Fire Danger Maps
A Fire Danger Rating determination is the cumulative effort of the NFDRS, taking into account current and antecedent weather, fuel types, and the state of both live and dead fuel moisture.
Local managers have much flexibility in local application of NFDRS. They may select up to four fuel models from 20 (broadly covering grass, timber, brush, and slash). Staffing levels may be based on one of several NFDRS indexes, though about 90% use the Burning Index (BI) which is related to potential flame lengths for the selected fuel type. Staffing class breakpoints are set by local managers from historical fire weather climatology.
The adjective class rating is NFDRS's method of normalizing rating classes across different fuel models and station locations. It is based on the primary fuel model cataloged for the station, the fire danger index selected to reflect staffing levels, and climatological class breakpoints. All this information is provided by local station managers.
Dead fuel moisture responds solely to ambient environmental conditions and is critical in determining fire potential. Dead fuel moistures are classed by timelag. A fuel's timelag is proportional to its diameter and is loosely defined as the time it takes a fuel particle to reach 2/3's of its way to equilibrium with its local environment. Dead fuels in NFDRS have four timelag classes:
Four vegetation greenness maps are derived weekly from Normalized Difference Vegetation Index (NDVI) data observed by satellites and provided by the EROS Data Center, U.S. Geological Survey. These maps have a 1 kilometer (.6 mile) spatial resolution. Maps with historical references (RG and DA) are based on the years 1989 through 1995. The derived maps are:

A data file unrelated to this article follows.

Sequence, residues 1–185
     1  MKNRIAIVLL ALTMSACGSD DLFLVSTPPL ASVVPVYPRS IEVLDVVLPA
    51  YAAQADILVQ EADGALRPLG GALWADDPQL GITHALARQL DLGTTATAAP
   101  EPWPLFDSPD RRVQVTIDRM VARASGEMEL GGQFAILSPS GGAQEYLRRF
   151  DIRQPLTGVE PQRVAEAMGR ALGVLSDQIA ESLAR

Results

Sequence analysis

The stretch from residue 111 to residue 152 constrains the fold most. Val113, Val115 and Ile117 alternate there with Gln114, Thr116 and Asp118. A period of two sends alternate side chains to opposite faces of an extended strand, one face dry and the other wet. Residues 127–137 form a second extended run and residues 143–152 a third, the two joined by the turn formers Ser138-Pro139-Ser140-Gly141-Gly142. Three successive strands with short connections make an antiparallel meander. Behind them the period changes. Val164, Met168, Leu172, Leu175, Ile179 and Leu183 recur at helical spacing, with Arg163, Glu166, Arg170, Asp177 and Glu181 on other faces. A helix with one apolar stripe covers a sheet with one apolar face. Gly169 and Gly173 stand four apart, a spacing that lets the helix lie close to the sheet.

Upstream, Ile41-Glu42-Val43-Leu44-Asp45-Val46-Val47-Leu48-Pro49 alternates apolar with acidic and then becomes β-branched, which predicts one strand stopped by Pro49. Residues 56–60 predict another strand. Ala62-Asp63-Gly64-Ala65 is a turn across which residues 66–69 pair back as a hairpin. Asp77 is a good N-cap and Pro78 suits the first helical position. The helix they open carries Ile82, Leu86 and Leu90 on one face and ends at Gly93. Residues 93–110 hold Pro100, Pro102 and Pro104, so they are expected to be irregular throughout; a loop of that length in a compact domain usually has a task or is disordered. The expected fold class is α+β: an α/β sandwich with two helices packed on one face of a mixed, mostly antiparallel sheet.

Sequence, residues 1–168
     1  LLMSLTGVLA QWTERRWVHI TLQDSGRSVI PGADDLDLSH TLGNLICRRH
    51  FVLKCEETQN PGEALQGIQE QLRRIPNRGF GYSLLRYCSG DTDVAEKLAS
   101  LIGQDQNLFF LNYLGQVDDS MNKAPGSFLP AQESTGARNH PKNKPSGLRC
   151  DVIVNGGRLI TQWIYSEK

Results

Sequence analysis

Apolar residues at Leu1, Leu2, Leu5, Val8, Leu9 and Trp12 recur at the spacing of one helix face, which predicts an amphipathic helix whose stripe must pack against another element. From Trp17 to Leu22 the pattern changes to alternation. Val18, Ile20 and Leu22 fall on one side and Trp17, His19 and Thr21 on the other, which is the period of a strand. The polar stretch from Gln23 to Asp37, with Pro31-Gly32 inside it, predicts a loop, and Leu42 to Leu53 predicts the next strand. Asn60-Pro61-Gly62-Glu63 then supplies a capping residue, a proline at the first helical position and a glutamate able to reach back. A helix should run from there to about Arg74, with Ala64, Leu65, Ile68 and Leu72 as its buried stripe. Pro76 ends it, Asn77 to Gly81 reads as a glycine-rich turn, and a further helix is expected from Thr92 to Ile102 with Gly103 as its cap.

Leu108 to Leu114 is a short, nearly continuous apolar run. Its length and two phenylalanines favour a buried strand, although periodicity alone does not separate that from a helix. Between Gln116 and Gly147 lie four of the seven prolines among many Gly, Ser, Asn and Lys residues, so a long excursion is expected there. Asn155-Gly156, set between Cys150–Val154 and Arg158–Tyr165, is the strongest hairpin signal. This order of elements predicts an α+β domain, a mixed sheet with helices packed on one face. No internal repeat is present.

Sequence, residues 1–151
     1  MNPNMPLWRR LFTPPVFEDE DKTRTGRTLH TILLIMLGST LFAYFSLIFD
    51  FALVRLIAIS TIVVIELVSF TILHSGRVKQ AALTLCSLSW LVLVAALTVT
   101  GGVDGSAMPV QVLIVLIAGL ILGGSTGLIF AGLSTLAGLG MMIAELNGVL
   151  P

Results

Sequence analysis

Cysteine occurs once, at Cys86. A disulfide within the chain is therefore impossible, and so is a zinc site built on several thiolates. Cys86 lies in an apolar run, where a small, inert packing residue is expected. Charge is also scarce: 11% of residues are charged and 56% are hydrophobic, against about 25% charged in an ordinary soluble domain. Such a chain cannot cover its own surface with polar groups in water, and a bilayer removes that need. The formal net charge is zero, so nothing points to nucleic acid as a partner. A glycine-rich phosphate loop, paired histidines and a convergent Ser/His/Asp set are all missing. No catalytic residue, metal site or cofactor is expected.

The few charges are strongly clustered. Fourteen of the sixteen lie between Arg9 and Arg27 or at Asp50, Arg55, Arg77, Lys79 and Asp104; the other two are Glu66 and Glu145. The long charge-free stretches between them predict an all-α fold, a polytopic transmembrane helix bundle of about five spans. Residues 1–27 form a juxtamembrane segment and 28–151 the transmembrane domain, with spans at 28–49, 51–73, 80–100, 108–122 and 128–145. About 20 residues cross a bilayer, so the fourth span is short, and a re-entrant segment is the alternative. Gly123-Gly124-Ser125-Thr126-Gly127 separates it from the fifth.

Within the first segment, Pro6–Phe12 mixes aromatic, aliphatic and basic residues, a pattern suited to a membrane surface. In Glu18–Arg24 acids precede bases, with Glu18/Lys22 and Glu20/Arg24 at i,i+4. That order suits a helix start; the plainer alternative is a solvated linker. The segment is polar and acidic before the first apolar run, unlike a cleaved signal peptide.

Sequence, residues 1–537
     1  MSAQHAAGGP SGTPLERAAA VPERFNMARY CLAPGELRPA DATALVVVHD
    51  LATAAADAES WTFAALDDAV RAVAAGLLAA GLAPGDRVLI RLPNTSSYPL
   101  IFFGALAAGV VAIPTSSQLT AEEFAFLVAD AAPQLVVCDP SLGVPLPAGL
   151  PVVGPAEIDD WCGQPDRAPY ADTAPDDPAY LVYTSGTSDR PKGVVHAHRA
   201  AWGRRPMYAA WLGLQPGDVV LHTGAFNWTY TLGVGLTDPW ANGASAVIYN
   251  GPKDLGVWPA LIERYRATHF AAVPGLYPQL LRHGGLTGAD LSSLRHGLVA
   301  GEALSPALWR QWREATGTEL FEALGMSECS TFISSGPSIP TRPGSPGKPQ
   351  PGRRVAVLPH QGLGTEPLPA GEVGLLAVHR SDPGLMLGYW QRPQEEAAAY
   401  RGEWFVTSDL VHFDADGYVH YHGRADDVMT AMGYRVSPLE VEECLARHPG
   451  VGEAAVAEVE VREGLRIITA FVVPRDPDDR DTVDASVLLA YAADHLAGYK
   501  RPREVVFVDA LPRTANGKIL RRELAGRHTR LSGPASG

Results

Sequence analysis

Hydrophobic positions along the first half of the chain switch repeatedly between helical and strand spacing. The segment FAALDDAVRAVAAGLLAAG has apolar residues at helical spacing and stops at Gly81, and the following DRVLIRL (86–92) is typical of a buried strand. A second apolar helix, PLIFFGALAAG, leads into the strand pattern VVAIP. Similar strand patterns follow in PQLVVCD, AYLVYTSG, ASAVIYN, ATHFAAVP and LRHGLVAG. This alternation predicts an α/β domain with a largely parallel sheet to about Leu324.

Keetch-Byram Drought Index. A soil/duff drought index that ranges from 0 (no drought) to 800 (extreme drought) and is based on a soil capacity of 8 inches of water. Factors in the index are maximum daily temperature, daily precipitation, antecedent precipitation, and annual precipitation.
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Lower Atmosphere Stability Index Maps
The Lower Atmosphere Stability Index, or Haines index, is computed from the morning (12Z) soundings from RAOB stations across North America. The index is composed of a stability term and a moisture term. The stability term is derived from the temperature difference at two atmosphere levels. The moisture term is derived from the dew point depression at a single atmosphere level. This index has been shown to be correlated with large fire growth on initiating and existing fires where surface winds do not dominate fire behavior.
Haines Indices range from 2 to 6 for indicating potential for large fire growth:
Lightning Ignition Efficiency
Ignition efficiency is calculated by algorithm, using the NFDRS 100 hour fuel moisture and specialized fuel type maps for the western United States to indicate probability of ignition, given occurrence of lightning.
Bradshaw, Larry S.; Deeming, John E.; Burgan, Robert E.; Cohen, Jack D., compilers. 1984. The 1978 National Fire-Danger Rating System: technical documentation. Gen. Tech. Rep. INT-169. Ogden, UT: U.S. Department of Agriculture, Forest Service, Intermountain Forest and Range Experiment Station. 44 pp.
Burgan, Robert E. 1988. 1988 revisions to the 1978 National Fire-Danger Rating System. Res. Pap. SE-273. Asheville, NC: U.S. Department of Agriculture, Forest Service, Southeastern Forest Experiment Station. 39 pp.
Deeming, John E.; Burgan, Robert E.; Cohen, Jack D. 1977. The National Fire-Danger Rating System - 1978. Gen. Tech. Rep. INT-39. Ogden, UT: U.S. Department of Agriculture, Forest Service, Intermountain Forest and Range Experiment Station. 63 pp.
Haines, D.A. 1988. A lower atmospheric severity index for wildland fire. National Weather Digest. Vol 13. No. 2:23-27.
Keetch, John J; Byram, George. 1968. A drought index for forest fire control. Res. Paper SE-38. Asheville, NC: U.S. Department of Agriculture, Forest Service, Southeastern Forest Experiment Station. 32 pp. (Revised 1988).
USDA Forest Service. 1995. Weather Information Management System User's Guide. Washington, DC: U.S. Department of Agriculture, Forest Service, Fire and Aviation Management.